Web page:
What is Going to Happen to Tax Credits, Cost Sharing Reduction, and Medicaid under Trump and the Republican ObamaCare Repeal Plan?
We explain what happens to cost assistance (Tax Credits, CSR, and Medicaid) if ObamaCare is repealed by congressional Republicans under Trump.
In simple terms, there are only a few things to know about cost assistance under Donald Trump and a GOP controlled Congress.
- First, generally speaking, ObamaCare offers lower costs to those making less than 400% of the poverty level via premium tax credits, cost sharing reduction subsidies, and Medicaid expansion. The GOP plans to defund or repeal aspects of all these things, and have suggested replacements in the past. See details of how ObamaCare’s cost assistance works. See GOP replacement ideas.
- Republicans have been trying to defund and repeal ObamaCare since it passed. Now that they are in power they have begun a “repeal and delay plan”. This plan begins the defund and repeal process ASAP and delays the implementation of some repeal provisions while a replacement plan is worked on. The details of the full plan are currently uncertain, but the defund process has already begun. Learn about “repeal and delay”.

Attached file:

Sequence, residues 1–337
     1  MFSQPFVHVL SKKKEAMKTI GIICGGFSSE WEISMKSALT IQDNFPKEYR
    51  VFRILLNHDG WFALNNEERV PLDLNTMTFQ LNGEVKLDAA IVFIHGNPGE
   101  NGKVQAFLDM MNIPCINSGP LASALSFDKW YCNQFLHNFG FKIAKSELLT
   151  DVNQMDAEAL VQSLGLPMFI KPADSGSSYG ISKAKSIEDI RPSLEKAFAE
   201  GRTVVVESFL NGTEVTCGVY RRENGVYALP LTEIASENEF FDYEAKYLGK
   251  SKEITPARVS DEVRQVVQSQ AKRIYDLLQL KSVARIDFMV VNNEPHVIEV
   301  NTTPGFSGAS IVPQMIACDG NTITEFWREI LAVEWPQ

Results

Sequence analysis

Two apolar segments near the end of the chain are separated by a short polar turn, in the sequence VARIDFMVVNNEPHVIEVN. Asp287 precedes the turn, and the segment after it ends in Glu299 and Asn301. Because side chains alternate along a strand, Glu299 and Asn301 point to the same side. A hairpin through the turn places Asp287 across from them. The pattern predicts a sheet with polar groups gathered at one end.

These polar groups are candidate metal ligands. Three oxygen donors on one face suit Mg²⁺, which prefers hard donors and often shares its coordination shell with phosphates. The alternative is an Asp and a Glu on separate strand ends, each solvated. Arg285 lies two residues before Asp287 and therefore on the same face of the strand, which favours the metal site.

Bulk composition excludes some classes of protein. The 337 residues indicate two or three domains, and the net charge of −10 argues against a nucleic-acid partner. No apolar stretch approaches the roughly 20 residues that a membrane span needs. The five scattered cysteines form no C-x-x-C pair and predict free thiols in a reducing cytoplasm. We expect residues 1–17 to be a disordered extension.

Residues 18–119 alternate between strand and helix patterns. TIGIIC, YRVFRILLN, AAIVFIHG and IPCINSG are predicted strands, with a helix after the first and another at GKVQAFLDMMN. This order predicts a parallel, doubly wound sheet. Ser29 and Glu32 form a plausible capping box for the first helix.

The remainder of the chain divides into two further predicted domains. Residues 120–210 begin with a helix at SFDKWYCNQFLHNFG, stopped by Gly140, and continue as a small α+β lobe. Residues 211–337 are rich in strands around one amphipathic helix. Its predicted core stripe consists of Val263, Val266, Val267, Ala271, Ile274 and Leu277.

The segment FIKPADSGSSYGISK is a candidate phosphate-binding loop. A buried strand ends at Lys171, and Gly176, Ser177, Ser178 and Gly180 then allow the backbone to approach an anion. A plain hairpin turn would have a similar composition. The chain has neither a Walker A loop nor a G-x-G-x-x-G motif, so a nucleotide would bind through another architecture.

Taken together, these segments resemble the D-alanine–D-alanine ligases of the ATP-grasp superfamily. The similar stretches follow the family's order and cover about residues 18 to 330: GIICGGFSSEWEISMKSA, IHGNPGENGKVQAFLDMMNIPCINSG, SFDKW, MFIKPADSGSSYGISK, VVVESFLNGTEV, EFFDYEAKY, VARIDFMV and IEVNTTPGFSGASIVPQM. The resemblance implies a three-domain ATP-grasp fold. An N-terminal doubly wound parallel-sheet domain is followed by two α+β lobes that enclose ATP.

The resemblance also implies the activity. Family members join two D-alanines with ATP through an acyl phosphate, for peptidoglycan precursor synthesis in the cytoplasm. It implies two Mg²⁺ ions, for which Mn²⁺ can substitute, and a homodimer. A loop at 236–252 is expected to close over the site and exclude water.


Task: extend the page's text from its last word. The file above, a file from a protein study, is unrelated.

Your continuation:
- Despite repeal efforts, for now ObamaCare is still the law of the land here in early January 2017. It is very unlikely cost assistance would be repealed before 2018 as that would require rescinding promised cost assistance from those who are enrolling now in 2017 (prior to any defund or repeal measures passing). This applies to both premium tax credits and cost sharing reduction subsidies. The same should generally be true for Medicaid expansion. That said, nothing is impossible. We will keep everyone updated.
- The GOP has put plans on the table for cost assistance (they want age based instead of the current income based) and Medicaid (they want to privatize it and do lump sum payments to states, it is currently a public join state-federal program).
Thus, right now things are uncertain, and it could get very bad for tens of millions of Americans. But that “bad” likely won’t start until 2018 (or later if defund and repeal measures are “delayed”). In the meantime, the GOP could surprise everyone by putting a better plan on the table. Right now their “better plan” isn’t really better or agreed on, but at least it is something.
Uncertainty and ambiguity aside, for now Open Enrollment 2017 is on, cost assistance is available to many families making less than 400% of the federal poverty level via the marketplace, employers must still offer coverage to full-time employees, and insurers can’t deny you, drop your coverage, or charge you more for having a preexisting condition.